Fathers in the antebellum South are shown as overbearing, browbeating, abusive scoundrels. Mothers are meek and cowed. Sons are distant and uncaring. In other words many of the characters are caricatures. Still I enjoyed the book.
Book groups will be discussing slavery, abusive husbands and fathers, the role of women, education priorities, gossip and social ostracism among other topics. A comparison with The Help, To Kill a Mockingbird and/or The Color Purple would be an interesting discussion.
Rated of 5
The Wedding Gift has two main characters that could be great. The wife of an abusive plantation master and his illegitimate daughter--they could tell us so much about the experiences of women of that time and place. But, this book falls far short of similar novels by telling in bland voices instead of showing the reader so they get drawn in. The most disappointing element is a shift at the very end of the novel that changes completely the reader's ideas about the main characters.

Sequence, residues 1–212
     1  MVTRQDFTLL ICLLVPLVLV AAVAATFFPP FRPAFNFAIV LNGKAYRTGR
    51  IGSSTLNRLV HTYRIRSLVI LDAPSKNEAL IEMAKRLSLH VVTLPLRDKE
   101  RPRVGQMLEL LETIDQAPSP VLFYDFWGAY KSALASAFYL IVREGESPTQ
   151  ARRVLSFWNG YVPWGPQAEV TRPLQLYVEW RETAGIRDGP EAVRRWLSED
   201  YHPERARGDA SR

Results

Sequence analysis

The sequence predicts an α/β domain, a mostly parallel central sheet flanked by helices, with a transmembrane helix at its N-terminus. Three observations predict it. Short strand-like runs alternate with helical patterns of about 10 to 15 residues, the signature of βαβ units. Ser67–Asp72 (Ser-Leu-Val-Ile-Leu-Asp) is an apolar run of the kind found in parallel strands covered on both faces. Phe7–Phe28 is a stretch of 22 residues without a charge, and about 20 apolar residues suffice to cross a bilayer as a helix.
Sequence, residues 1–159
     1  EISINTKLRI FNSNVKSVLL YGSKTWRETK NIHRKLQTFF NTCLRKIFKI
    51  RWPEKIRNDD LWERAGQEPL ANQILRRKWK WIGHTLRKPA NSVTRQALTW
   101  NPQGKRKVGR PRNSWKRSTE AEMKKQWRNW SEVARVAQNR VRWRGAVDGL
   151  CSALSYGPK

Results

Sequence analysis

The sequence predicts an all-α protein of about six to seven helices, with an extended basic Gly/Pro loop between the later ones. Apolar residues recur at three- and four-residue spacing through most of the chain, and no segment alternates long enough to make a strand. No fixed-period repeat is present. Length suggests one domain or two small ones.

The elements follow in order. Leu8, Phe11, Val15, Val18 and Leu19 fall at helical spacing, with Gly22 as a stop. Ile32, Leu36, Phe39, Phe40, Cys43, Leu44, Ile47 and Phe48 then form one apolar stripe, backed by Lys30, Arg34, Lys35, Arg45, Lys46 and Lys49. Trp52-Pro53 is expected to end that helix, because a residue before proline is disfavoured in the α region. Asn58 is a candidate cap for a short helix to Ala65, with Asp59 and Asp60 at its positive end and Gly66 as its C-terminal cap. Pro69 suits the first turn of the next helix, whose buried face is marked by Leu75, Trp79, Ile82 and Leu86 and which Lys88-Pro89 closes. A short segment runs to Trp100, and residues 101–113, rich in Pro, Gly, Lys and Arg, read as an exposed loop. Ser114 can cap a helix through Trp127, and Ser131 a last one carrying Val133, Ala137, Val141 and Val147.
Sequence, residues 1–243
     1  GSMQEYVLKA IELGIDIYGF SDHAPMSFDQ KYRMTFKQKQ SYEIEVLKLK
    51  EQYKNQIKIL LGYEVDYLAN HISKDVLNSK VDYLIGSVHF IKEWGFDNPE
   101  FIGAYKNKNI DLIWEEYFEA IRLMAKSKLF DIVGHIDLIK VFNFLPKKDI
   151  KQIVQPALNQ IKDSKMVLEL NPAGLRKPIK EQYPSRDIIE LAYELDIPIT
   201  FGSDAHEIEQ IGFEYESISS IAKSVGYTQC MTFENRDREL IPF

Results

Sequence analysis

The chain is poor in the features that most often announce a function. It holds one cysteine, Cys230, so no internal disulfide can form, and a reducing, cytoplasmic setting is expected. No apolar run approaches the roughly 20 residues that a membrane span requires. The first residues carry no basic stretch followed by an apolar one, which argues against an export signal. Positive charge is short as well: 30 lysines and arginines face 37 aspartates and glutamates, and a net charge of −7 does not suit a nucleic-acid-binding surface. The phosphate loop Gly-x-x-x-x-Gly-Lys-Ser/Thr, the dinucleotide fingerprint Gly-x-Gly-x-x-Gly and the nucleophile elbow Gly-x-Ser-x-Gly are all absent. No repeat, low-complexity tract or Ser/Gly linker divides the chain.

Rated of 5
I loved this book
This is a well written book about slavery in the south. The characters are very real and you feel a connection to them. The book chapters are written from the perspective of different characters in the story. Like The Help and Kitchen Girl, this reviews a painful time of our history. The author writes in a style that is engaging and fast paced. I look forward to her second book.
Marlen Suyapa Bodden is a lawyer at The Legal Aid Society in New York City, the nation's oldest and largest law firm for the poor. She drew on her knowledge of modern and historical slavery, human trafficking, and human rights abuses to write The Wedding Gift, her first novel. Marlen is a graduate of New York University School of Law and Tufts University. In 2012, the University of Rhode Island awarded Marlen an honorary Doctor of Laws degree. Visit her at www.marlenbodden.com